|If you’ve ever seen the circular marks left from cupping you might have wondered if your friend or family member had suffered from an unfortunate encounter with an octopus. But do not blame the cephalopods this time…..your friend probably just went to the acupuncturist recently!
So what is cupping and why do we use it? Cupping is a form of traditional Chinese medicine, which involves applying glass or plastic cups using suction to the skin to encourage smooth energy flow; it stimulates your Qi as the cups are placed along the meridian lines of your body. This dissipates stagnation of blood and lymph fluid, promotes blood flow, eases stiffness, encourages better circulation to muscles and tissues, and feels great. It leaves a purple bruise and “cup” mark, only temporarily.
As a real life example-In 2012, during the London Olympics, acupuncture was widely acknowledged in the Olympic community as an extremely beneficial solution to guaranteeing a higher level of athletic performance. Since London, more and more Olympic athletes have been turning to the needle to and have been receiving excellent results.
Wang Qun, an Olympic swimmer for the Chinese team has been known to perform in events with cupping marks still present on her skin. In addition to Qun, other members of the Chinese Olympic Team use acupuncture, most notably being windsurfer Yin Jian, a gold medalist in the 2008 Olympics. Jian attributed nightly acupuncture with helping her achieve success and curing the muscle strains she experienced on a daily basis.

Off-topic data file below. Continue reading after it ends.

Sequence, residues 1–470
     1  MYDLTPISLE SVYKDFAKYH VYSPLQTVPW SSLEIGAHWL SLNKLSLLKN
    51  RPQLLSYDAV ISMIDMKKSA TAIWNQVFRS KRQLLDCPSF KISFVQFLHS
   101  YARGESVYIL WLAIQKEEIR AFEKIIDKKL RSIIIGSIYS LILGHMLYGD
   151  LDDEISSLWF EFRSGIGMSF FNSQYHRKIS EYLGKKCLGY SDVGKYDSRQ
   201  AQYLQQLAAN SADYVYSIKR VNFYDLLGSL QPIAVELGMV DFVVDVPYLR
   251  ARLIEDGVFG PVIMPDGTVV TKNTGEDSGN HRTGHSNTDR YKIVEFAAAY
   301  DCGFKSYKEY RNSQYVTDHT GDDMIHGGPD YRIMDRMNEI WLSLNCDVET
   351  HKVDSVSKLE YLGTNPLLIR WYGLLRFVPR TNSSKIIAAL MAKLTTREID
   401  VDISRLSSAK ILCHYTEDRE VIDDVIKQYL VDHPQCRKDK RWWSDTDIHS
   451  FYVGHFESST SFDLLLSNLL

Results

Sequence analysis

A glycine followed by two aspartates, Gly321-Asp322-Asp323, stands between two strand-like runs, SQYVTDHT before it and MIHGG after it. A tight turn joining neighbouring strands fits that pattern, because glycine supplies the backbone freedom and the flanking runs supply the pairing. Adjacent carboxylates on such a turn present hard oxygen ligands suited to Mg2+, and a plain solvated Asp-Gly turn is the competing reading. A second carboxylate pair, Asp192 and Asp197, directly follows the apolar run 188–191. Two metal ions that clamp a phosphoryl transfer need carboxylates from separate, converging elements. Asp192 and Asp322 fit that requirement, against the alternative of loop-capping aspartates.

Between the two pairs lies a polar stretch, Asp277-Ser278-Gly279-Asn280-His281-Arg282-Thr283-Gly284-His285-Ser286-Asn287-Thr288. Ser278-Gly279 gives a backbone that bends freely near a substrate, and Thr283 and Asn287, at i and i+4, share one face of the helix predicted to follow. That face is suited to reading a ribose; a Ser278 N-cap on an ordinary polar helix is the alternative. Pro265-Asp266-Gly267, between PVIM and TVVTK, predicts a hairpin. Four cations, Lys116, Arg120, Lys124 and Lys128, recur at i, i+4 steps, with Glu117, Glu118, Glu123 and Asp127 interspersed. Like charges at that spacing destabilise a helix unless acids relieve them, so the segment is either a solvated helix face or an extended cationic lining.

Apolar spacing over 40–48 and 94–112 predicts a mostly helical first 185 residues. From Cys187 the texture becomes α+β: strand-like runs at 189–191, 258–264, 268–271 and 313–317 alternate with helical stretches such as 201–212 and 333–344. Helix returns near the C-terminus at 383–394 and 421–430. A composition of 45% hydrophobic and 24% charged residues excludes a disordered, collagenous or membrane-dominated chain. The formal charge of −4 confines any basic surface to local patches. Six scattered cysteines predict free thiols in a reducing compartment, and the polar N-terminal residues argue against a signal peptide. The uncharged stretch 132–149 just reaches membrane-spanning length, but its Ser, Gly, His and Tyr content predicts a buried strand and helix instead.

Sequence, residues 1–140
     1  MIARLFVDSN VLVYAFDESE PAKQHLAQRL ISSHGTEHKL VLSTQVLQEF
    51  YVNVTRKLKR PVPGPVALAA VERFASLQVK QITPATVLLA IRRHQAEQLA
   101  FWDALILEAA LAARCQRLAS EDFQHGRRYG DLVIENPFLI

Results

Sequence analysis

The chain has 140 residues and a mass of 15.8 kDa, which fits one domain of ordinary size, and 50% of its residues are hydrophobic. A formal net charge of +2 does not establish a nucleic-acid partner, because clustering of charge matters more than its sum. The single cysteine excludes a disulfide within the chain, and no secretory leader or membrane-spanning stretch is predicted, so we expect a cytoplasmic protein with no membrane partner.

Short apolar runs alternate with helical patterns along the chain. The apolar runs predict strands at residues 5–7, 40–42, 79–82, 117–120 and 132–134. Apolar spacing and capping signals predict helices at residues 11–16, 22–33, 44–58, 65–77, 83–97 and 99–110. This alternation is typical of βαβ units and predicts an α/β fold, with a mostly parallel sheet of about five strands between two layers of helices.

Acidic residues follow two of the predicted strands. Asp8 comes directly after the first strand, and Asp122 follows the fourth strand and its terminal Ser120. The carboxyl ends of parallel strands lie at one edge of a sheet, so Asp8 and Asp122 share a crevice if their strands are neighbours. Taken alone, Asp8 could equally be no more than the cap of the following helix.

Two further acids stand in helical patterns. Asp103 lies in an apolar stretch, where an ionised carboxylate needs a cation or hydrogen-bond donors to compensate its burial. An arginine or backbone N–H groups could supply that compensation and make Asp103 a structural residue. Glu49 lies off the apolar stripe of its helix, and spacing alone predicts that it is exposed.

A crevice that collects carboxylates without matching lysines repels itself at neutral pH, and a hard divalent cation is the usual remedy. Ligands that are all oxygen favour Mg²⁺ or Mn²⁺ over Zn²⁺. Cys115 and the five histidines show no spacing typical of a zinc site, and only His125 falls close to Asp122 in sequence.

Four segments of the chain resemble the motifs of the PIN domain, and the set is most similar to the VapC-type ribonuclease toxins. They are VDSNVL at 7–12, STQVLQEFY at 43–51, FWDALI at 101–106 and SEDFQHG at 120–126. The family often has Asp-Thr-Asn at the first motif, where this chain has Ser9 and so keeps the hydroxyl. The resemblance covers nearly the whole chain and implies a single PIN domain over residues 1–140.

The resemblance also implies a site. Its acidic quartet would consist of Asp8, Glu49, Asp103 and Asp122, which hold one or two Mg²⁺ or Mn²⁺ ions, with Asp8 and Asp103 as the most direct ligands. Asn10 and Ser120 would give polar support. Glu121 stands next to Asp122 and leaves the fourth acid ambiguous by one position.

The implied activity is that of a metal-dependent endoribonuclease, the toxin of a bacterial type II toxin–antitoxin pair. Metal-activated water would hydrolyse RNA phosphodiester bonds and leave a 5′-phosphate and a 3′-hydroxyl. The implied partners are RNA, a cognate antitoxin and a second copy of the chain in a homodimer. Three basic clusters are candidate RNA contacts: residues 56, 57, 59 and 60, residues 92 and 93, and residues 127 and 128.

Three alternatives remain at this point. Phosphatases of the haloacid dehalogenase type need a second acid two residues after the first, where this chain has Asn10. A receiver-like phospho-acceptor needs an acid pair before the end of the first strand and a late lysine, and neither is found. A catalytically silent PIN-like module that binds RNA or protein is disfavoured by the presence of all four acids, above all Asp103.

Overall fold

Carleton uses cupping when the condition is very difficult to treat and when acupuncture alone isn’t working as well as he would expect. He uses it primarily for musculoskeletal conditions where the muscles are tight and “adhered” or stuck together, to help loosen them and create flow throughout the body. If you are curious about cupping, just ask Carleton and he can show you how it works!